INBOX INSIGHTS, April 20, 2022: Data Governance, Working from Home, Marketing Myths

INBOX INSIGHTS: Data Governance, Working from Home, Marketing Myths (4/20) :: View in browser

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Setting Up Basic Data Governance

Whenever I start to say “governance” to one of my clients I can see the involuntary shudder start to happen. It’s a word that people tend to dread. It has a lot of negative connotations such as slow-moving, daunting, lots of paperwork, overhead, delays, extra work, extra cost, and endless meetings. The list of reasons not to do it goes on and on. True, data governance can mean all those things if not approached thoughtfully. Not all data governance plans are the same and there is no “one size fits all”. Every company will have different needs. Conversely, having strong data governance can speed up your processes, make you agile, and allow you to quickly answer questions. So let’s get into the good parts of data governance, shall we?

Governance, in this context, is just another way of getting organized. I love organizing. It gives me a sense of accomplishment. I can find things easily, and direct others to items even if I’m not looking at them. A good example of this is folder governance. Even though we’re a small company, the folders that we have in our online system can get unwieldy, making it hard to find a contract or a deliverable. By setting up governance for which folders should exist and what materials belong in each, we have a better chance of finding what we need without too much effort.

It took me a long time to get an organized mindset, and I fail at it some days. When I was a teenager I was the walking definition of chaotic. I never knew where anything was, my homework was forever incomplete, and I was late for everything. As I got older I started to see the consequences of this and would take small steps to get more organized. Again, it wasn’t overnight, and not everything I tried worked.

When I think about all the projects I want to tackle around my house it can feel overwhelming. To feel like I’m making headway, I try to start with one project that isn’t overly time-consuming and that I know I can complete. This is how I recommend you start thinking about your data governance. Not all at once, but in manageable pieces.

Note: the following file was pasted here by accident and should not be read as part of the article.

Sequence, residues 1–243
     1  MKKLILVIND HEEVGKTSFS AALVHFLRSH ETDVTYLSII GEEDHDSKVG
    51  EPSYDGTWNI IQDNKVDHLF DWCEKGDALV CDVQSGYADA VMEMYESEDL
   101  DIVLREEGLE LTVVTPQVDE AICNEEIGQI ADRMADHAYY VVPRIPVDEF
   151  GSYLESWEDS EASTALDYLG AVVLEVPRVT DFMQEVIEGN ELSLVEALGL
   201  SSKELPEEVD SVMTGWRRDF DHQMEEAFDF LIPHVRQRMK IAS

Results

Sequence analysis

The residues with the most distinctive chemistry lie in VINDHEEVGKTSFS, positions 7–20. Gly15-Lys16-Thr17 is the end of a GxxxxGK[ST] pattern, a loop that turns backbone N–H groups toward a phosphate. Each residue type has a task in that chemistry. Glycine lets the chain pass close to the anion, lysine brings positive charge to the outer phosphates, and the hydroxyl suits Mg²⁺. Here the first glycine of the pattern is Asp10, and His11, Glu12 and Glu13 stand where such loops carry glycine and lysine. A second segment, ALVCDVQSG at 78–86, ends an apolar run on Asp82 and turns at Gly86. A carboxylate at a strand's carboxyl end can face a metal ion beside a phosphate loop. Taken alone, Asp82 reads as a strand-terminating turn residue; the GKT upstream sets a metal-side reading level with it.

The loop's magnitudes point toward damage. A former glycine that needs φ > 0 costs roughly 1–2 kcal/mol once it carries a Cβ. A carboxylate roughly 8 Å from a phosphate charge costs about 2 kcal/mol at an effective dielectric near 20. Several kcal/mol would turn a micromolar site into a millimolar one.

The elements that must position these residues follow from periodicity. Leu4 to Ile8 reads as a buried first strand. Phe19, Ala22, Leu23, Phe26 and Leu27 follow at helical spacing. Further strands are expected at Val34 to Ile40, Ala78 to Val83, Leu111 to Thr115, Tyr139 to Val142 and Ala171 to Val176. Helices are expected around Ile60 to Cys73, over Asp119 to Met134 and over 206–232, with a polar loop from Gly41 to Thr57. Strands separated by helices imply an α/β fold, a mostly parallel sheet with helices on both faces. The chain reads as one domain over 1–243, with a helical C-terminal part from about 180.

When we talk about data governance we’re talking about a few basic things: What is it? Who owns it? and How is it managed? You can go much deeper with your governance but for most marketing organizations that is a good enough start.

Start with one piece, like ownership and access and document that. The questions you want to answer are:

  • Who owns the software or database that collects the data?
  • Who can access the data that is collected in the software or database?
  • What levels of access does each person have (read-only, editor, admin)?
  • Do all the people who have access have the correct level of access?
  • Are there people who should be removed from having access?
  • When was the last time passwords were changed?

Depending on the size of your organization, this could be a small or large list of people. If you work with outside agencies, the list may get even longer. However, don’t let that deter you. Most software has a user portal built in that will tell you this information. You may also need to ask around to other team members to confirm. Knowing who can access and edit your data is a good first step.

Once you know who, you need to know what. Meaning, what data is being collected. This will vary depending on the system or database you have set up. A system like Google Analytics will collect data about the actions happening on your website, whereas a CRM system will collect data about your customers themselves. If you’re using more than one system in your tech stack (and most of us are) you can start with a simple spreadsheet that lists the basic data points from each system. It might look something like this:

  • System – data collected
  • Google Analytics – website visits, pages visited, forms filled
  • Hubspot – contact name, contact email, contact company